As per a study led by Gartner, it confirms that by 2014 HTML5 will establish itself as a mainstream app developer option. HTML5 will not give up on native apps but rather enhance its capability to develop rather qualitative apps for the future generations. Businesses are gradually moving towards integrated ecosystems by providing even more composite service and software capabilities. Gartner further predicts that, there will be more than 70 billion mobile app downloads from app stores by 2014; and apps will be delivered to employees via private app stores by that year. Thus, app developers are carefully trending HTML5. Let’s take a look at the 7 things you were missing out about HTML5.
The reason KayTouch Solutions changed its blog structure was to conform with the HTML 5 craze and you will notice the optimization of this website will conform across devices.
- HTML5 has introduced a simple and easy way to tag audio and video files however; it does not show effective results on implementation. Thus, this feature of HTML5 exists only in name with low or no performance
- Users have to divide data as temporary and permanent and thus have to save it in local browsers or other browsers, respectively. Since, HTML5 does not offer browser collaboration developers have to organize data into separate forms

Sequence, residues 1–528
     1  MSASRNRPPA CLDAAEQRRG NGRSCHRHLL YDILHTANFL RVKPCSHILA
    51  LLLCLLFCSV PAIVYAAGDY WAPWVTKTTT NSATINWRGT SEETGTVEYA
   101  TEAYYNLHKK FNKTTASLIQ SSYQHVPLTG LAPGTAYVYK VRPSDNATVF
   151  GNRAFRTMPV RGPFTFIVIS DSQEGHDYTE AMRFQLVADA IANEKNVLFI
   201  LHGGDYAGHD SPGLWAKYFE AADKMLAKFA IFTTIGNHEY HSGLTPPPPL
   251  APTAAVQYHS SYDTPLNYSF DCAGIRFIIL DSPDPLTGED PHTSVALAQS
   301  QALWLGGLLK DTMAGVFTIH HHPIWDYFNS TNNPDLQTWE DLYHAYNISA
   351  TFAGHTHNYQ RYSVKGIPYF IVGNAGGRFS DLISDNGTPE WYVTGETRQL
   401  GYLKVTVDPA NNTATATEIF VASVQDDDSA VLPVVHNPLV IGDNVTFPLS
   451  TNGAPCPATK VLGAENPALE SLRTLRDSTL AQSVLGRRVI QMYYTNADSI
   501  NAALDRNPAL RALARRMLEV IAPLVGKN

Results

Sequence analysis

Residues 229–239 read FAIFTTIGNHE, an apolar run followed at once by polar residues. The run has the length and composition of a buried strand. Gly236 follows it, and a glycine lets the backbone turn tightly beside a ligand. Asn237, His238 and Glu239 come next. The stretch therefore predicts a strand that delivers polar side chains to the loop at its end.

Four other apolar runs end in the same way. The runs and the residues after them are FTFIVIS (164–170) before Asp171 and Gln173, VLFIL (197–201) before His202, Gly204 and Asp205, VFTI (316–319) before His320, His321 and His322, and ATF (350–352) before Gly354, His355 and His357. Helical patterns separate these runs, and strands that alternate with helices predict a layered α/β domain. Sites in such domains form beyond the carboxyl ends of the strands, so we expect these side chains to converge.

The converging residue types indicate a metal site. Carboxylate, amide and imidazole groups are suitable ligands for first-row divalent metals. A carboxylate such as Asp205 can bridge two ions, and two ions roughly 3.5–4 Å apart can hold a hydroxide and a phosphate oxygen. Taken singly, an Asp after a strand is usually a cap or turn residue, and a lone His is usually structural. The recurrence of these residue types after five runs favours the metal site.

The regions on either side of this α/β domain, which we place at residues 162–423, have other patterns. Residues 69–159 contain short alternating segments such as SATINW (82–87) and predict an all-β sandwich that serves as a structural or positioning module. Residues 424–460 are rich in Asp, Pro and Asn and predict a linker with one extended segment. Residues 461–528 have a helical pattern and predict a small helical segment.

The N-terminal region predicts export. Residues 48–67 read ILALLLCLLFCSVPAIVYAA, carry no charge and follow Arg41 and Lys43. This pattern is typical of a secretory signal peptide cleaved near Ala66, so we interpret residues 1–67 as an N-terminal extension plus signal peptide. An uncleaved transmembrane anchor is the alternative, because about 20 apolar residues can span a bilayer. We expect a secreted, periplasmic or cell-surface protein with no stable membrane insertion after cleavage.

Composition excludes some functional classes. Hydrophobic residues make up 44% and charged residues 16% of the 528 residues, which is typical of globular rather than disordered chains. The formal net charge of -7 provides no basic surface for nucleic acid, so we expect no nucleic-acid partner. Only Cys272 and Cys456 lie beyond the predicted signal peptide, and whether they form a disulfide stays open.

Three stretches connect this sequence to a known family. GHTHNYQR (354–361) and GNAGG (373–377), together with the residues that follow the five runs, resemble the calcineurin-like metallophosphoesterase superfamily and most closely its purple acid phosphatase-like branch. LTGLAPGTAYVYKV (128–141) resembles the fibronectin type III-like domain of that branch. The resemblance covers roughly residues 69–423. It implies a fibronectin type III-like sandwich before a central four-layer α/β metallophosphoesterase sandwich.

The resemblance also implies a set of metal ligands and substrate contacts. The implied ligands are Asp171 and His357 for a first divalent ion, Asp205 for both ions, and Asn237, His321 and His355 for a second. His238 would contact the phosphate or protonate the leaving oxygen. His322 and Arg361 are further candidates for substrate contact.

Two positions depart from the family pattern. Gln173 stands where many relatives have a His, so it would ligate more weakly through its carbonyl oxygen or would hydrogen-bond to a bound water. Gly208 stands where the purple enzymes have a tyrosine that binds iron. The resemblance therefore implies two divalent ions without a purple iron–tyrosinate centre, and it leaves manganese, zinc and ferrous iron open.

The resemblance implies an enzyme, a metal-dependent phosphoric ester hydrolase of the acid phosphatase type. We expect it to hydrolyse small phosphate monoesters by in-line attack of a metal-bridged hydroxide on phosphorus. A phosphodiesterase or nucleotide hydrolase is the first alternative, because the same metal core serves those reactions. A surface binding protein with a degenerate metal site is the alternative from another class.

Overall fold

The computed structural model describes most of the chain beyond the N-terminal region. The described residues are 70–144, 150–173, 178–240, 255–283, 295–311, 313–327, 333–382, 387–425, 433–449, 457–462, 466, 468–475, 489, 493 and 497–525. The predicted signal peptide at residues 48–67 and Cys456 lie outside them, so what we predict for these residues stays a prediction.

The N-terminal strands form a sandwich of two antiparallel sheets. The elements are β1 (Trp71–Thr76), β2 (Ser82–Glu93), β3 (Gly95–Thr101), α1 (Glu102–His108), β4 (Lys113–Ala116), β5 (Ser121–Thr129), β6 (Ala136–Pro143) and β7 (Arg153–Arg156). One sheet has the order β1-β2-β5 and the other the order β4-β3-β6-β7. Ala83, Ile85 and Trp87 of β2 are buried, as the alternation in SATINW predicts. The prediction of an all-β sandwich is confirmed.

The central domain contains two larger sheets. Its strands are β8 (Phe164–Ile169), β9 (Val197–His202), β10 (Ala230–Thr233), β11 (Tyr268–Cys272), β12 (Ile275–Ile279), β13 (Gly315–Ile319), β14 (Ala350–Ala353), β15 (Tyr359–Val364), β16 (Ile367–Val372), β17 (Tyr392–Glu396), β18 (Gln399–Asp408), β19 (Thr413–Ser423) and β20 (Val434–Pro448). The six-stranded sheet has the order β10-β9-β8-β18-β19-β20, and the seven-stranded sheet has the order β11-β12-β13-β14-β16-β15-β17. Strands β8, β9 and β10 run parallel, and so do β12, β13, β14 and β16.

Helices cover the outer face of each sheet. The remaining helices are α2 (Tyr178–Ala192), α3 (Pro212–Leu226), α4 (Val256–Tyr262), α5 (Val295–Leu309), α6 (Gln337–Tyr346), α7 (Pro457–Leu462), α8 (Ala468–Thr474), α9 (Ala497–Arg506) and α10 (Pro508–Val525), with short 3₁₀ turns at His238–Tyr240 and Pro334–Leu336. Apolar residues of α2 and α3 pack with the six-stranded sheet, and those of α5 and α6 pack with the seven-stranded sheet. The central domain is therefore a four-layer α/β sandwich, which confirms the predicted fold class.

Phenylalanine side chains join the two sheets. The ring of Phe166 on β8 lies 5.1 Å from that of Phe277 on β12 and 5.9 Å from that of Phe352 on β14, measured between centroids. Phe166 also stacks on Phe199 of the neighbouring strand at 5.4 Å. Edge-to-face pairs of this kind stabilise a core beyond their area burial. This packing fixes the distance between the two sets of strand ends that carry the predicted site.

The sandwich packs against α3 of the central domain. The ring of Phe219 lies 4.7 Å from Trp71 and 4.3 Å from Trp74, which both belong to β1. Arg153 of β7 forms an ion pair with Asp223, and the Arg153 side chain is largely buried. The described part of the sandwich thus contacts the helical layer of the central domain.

- HTML5 developers have to keep a track of their own coding. This creates a horrific situation for them as they there is a lack of any debugging mechanism. Hence, it is no wrong to say that HTML5 apps based on client needs are not reliable
- HTML5 is not yet a cloud-based service. Thus, users will have to wait till it integrates with cloud and offer enhanced security. As of now, HTML5 users are facing some severe issues with data storage, nevertheless, developers are hopeful of its potential
- HTML5 lacks the ability to move data around or to share its data and to duplicate it. Users can easily view and edit the data on their browsers but they cannot share it across. This in turn hampers performance and provides restricted functionality
- HTML5 is gravely behind in offering data synchronization this leads to difficulties in linking apps running offline. There is also a grave concern of searching for organized data that is saved as per criteria like date wise or day wise
- HTML5 in some cases fails to offer feature-rich personality to its web applications. Browser failure has been one of the common problems with HTML5
So, What Is There To Look Out For?
Written by Helen Thomas
Helen Thomas works for PLAVEB, a leading HTML5 Website Design Company in Los Angeles.